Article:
How Much Protein Is in Oats?

Many people know the benefits of oats for energizing carbohydrates and fiber to start their day. But amazingly, oats and oatmeal are also a great source of natural protein for people looking to boost their protein intake without extra meat.

One cup of cooked oatmeal, or just about one-half cup measured dry, has nearly 6 grams of protein. (Image: Arx0nt/iStock/GettyImages)


One cup of cooked oatmeal, or just about one-half cup measured dry, has nearly 6 grams of protein.

Benefits of Higher Protein Diet

The National Institute of Health recommends an intake of 0.8 grams of protein per kilogram of your body weight every day. However, the amount of protein you need depends on many factors including age, activity level and fitness goals, and some people may benefit from higher protein diets.

For example, The Academy of Nutrition and Dietetics recommend 1.2 to 2.0 grams of protein per kilogram of body weight per day for athletes looking to optimize muscle growth and performance.

Furthermore, an August 2012 review study published in the British Journal of Nutrition concludes that a protein intake of 1.2 grams of protein per kilogram of body weight results in the most beneficial body composition and blood pressure outcomes for obese people attempting weight loss. Protein can help improve metabolism, the feeling of fullness and maintenance of lean body mass despite caloric restriction.

For all these reasons, the protein in oats may contribute to a higher protein diet, which can help athletes and those attempting weight loss reach their personal goals.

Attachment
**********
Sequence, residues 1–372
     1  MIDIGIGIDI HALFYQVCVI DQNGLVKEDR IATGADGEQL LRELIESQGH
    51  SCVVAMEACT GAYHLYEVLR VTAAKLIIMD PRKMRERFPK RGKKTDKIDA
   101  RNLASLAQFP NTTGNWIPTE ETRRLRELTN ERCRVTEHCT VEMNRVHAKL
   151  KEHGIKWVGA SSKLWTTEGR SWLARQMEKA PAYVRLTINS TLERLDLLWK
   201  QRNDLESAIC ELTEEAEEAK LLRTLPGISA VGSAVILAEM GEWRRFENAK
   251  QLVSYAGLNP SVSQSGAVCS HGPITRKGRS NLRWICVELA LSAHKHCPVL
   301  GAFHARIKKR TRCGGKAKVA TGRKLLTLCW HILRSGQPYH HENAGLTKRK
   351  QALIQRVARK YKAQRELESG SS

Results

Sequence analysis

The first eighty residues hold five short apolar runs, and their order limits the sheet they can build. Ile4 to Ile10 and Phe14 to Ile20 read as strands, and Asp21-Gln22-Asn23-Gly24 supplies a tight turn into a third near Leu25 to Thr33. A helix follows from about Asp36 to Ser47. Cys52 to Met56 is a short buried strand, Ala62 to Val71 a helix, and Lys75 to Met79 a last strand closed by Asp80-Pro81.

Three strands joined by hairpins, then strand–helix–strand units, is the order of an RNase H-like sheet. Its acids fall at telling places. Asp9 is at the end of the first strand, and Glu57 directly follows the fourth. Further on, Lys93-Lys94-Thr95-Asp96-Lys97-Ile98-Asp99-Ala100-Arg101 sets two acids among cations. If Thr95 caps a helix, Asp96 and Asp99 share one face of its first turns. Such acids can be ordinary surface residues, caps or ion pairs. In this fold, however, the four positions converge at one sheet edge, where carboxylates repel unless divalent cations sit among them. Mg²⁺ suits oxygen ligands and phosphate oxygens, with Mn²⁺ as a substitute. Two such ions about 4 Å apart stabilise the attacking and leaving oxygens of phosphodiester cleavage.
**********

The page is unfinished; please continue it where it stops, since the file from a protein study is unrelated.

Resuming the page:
How Much Protein in Oatmeal?

Measured dry, the protein in oats is 5.9 grams per one-half cup. When cooked, this turns into just about 1 cup of cooked oatmeal. However, the protein in oatmeal can be as high as 20 grams if cooked with 1 cup of milk and topped with one-quarter cup of almonds for a complete meal.

When using single-serve packets of oatmeal, the portion is smaller. The protein in oatmeal from a packet of instant oatmeal is only 3.3 grams. Furthermore, single-serve packets of oatmeal are often flavored with added sugars. This doesn't affect the protein content, but does increase the total carbohydrate and sugar content.

Quality of Protein in Oats

When most people think about protein, their mind goes to meat and dairy. Indeed, poultry, fish, red meat, eggs, milk and cheese are excellent sources of protein containing high levels of all essential and non-essential amino acids. However, many plant-based foods like nuts, seeds, beans and high-protein grains can contribute to the protein in your diet as well.

Though usually considered an incomplete protein, one benefit of oats is that they do contain all nine essential amino acids. This amino acid profile is superior to most other cereal grains, like wheat, making the protein in oats a favorite for vegetarians and vegans alike.

However, the amount in which these amino acids are present is still drastically lower than found in animal products, like meat. A February 2015 review study in Journal of Food Science and Technology agrees that oats are a superior protein source compared to other cereal grains, however, glutamine and proline are found in much lower amounts compared to complete protein sources.

Other Nutrition Benefits of Oats

In addition to its high protein and excellent amino acid profile, there are many other benefits of oats. Oats are also a source of whole grains, which according to the USDA MyPlate Guidelines, should make up at least half of your grains consumed daily. Whole grains like oatmeal and brown rice provide more B vitamins, iron and fiber than refined grains.

Fiber is another benefit of oats, as this helps improve digestion, gut health and regulate bowel movements. Harvard Health even notes that a bowl of oatmeal providing 1 to 2 grams of soluble fiber can help lower cholesterol.

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